The Sciences

The early bird catches the worm... or at least the boss's good opinion.



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Photo: flickr/trophygeek

I don't know about you, but I am definitely not a morning person. So it's too bad that, according to this study, employers are biased to perceive employees who arrive to work late to be less conscientious and worse performers than those who arrive early--regardless of how much they actually work. Not only that, but supervisors who are themselves night owls are moreless likely to have this negative perception of late-starting employees. I guess it's time to start setting that alarm... :(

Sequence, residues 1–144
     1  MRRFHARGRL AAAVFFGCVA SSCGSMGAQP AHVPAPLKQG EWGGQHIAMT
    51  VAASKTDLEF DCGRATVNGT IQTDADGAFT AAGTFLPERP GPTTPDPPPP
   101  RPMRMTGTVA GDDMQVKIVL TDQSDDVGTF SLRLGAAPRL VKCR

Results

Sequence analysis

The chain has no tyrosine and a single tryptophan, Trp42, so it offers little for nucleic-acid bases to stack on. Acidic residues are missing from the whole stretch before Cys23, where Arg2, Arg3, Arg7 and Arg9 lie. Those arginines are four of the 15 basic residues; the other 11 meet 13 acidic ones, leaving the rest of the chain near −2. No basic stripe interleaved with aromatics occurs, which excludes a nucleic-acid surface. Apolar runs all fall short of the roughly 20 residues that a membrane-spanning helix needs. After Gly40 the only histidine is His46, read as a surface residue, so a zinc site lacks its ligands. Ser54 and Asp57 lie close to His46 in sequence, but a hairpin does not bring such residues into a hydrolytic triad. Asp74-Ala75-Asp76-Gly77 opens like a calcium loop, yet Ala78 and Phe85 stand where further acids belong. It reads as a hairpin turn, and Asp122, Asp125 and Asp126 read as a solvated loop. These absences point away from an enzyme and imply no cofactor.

Morning Employees Are Perceived as Better Employees: Employees' Start Times Influence Supervisor Performance Ratings. "In this research, we draw from the stereotyping literature to suggest that supervisor ratings of job performance are affected by employees' start times-the time of day they first arrive at work. Even when accounting for total work hours, objective job performance, and employees' self-ratings of conscientiousness, we find that a later start time leads supervisors to perceive employees as less conscientious. These perceptions in turn cause supervisors to rate employees as lower performers. In addition, we show that supervisor chronotype acts as a boundary condition of the mediated model. Supervisors who prefer eveningness (i.e., owls) are less likely to hold negative stereotypes of employees with late start times than supervisors who prefer morningness (i.e., larks). Taken together, our results suggest that supervisor ratings of job performance are susceptible to stereotypic beliefs based on employees' start times." Related content: NCBI ROFL: Innocent until proven bearded.NCBI ROFL: Why women apologize more than men.NCBI ROFL: Ugly babies are perceived as incompetent

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